Official: Alameda District Attorney Recall Election Could Cost Residents Upwards of $20 Million

By The Vanguard Staff

OAKLAND, CA – A new recall process to be used in a proposed special election to unseat Alameda County District Attorney Pamela Price could cost residents $20 million, the county registrar of voters said this week, according to a story in Oakland-Observer.

The OO said, “An Alameda County [ALCO] ballot measure that would sync Alameda County’s recall process with state law passed a final vote of the ALCO Board of Supervisors last Tuesday. The ballot measure heads to the March 5 ballot after a long, winding road at BOS. But in keeping with what has now become a regular series of difficult discussions at BOS, supervisors grappled with the compound problems that continue to dog the County’s current recall process.”

The OO wrote James Sutton, an election lawyer representing Price, questioned county Registrar of Voters Tim Dupuis in a letter as the official “creates a viable recall from a patchwork of constitutionally-valid local and state law,” saying the campaign had “concerns.”

“Sutton argues in the letter that Dupuis went too far in waiving the County’s current rule that requires signature gatherers to be registered ALCO voters. The Supreme Court opinion on the constitutionality of signature gatherer-status focused on legislative ballot measures, not recalls, and thus, the letter argues, recalls would be a separate area of judicial review. Sutton says Dupuis is applying a legal standard without case-specific merit,” wrote the OO.

“Initiative and referendum are concerned solely with legislative issues, not elected officials or candidates for public office, so these different types of campaigns raise very different legal and policy issues. Despite County Counsel’s advice and despite this Supreme Court case, it is not certain that a court would invalidate a registration requirement for individuals who are circulating recall petitions,” said Sutton.

Sutton added even if recall signature gathering were included in the judicial decision, the county charter still requires specific review, because “the California constitution only allows an entity to ignore a law if it’s instructed to do so by a court.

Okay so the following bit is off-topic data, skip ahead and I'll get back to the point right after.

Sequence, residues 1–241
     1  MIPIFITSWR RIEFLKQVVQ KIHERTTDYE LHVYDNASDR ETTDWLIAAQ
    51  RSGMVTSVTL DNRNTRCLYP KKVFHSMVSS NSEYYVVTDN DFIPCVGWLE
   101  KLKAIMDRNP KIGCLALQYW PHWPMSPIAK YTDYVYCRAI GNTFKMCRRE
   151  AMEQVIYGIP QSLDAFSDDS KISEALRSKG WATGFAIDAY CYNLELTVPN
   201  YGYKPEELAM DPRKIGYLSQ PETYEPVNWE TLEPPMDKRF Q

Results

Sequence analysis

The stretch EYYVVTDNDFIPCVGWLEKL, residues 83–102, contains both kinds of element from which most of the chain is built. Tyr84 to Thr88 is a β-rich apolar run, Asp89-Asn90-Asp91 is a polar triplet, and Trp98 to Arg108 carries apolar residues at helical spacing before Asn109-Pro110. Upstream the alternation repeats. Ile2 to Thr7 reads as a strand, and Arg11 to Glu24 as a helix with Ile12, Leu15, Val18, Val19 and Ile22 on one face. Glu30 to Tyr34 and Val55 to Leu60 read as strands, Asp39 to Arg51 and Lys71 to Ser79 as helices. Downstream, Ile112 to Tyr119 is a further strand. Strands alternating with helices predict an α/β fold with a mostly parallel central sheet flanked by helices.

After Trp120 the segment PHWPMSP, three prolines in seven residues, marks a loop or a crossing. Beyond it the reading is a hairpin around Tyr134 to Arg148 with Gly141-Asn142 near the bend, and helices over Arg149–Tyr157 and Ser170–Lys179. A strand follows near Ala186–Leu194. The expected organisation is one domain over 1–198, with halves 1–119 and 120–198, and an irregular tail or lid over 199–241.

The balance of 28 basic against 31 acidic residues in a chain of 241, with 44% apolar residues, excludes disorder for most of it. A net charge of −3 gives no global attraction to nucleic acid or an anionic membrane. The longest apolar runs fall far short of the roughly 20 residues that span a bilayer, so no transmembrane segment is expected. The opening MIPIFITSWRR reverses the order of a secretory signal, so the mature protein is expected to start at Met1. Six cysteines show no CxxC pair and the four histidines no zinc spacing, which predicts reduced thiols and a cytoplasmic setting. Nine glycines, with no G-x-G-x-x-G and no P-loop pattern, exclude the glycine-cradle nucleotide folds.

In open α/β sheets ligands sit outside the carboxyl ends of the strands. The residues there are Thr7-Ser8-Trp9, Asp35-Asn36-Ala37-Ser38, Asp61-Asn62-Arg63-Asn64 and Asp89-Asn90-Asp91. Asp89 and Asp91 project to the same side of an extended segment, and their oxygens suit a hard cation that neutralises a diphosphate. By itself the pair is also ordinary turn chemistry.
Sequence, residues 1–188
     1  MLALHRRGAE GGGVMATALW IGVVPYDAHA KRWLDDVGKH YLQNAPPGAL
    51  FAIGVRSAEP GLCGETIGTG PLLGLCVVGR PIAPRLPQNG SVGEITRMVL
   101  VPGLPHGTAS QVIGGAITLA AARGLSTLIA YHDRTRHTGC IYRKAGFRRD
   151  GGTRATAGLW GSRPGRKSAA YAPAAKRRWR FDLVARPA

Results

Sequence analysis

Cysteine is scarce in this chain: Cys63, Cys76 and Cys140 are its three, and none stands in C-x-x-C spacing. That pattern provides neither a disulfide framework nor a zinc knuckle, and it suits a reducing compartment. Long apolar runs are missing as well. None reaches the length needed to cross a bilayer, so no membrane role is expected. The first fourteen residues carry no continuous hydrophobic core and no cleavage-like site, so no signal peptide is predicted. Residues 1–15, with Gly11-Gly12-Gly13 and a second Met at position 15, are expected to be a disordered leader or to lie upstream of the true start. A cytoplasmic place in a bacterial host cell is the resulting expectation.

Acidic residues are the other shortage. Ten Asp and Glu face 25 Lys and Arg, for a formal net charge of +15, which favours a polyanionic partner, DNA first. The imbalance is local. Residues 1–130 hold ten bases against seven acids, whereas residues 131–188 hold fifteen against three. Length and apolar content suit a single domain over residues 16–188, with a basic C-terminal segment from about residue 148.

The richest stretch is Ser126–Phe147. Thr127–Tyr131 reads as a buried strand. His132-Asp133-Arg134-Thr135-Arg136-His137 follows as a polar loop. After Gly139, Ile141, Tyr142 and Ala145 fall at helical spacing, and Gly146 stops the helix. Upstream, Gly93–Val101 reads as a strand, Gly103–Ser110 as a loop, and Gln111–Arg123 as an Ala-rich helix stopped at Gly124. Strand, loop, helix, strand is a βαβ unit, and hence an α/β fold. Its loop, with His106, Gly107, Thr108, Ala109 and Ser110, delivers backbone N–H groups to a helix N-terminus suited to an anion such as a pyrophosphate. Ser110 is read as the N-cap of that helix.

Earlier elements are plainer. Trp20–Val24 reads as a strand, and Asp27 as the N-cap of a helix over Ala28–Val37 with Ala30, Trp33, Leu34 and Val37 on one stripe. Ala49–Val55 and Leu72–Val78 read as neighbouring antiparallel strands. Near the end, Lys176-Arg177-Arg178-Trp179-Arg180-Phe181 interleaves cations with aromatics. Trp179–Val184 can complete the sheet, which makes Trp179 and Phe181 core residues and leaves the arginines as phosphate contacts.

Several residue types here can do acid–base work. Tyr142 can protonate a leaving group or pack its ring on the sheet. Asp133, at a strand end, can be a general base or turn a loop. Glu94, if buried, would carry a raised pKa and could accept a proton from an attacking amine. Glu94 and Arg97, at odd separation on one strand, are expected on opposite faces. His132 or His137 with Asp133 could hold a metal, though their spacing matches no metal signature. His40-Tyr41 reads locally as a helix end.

“Regardless of the Supreme Court case and whether or not it applies to Charter section 62, the County does not have the authority to ignore this law unless instructed to do so by a court. The California Constitution is clear that local agencies, including the Alameda County Registrar of Voters’ office, must follow all laws unless and until the law has been invalidated by an appellate court,” added Sutton.

Sutton’s letter notes, said the OO, Price previously noted the issue with the ROV before the ROV presented its process waiving the voter registration requirement. The letter suggests Price may sue over the issue:

“In sum, because the County must follow County law until instructed by an appellate court to do otherwise, the Registrar’s office must reject any and all recall petitions which were circulated by anyone other than County voters, regardless of the proposed amendment to section 62. If the Registrar’s office does otherwise, District Attorney Price may be compelled to pursue all legal options to enforce this County law,” Sutton wrote.

The OO suggested “Even if the recall ballot measure passes in March, it will not affect the preliminary process, signature collection or validation for the Price recall effort, and likely will only affect the scheduling of an election should SAFE, the Price recall committee founded by Brenda Grisham, Philip Dreyfuss and Carl Chan, collect enough signatures to trigger a recall. But the potential for lawsuits focused solely on the charter processes followed or ignored by the ROV in the process of signature gathering and validation remains a big concern for the BOS and County.”

OO added, “Some members of SAFE who spoke at the meeting appeared concerned about the potential of having signatures invalidated. SAFE has spent thousands on third-party signature gathering firms, but anecdotal evidence suggest many workers may not be ALCO residents or registered voters.” 

SAFE’s co-founder and current Assistant Treasurer Chan asked the board to fast-track a judicial review of the charter’s dictates on signature gatherers, stating, “hopefully the BOS can place an item on the next agenda to seek judicial review of the Charter section 62 to clarify that the state law overrules the current charter for signature gathering.”

Officials believe ROV will most likely fail to meet the short 10-day window to validate signatures under the current charter rules, and that could also result in lawsuits.  

Dupuis, said OO, “revealed that should successful signature gathering result in an independent election on a date other than an already scheduled election—a very likely outcome given the few options in either state or county timeline—the election will cost taxpayers $15 to 20 MM in the staff, printing and mailing of ballots and other expenses which are currently not budgeted.”

“If it is an independent election, our posted rates for an election such as that, could be anywhere from $15 to $20 MM dollars for a county election…that is really when the expenses kick in…certainly efforts that we haven’t planned in our budget,” Dupuis informed the county supervisors.

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Disclaimer: the views expressed by guest writers are strictly those of the author and may not reflect the views of the Vanguard, its editor, or its editorial board.

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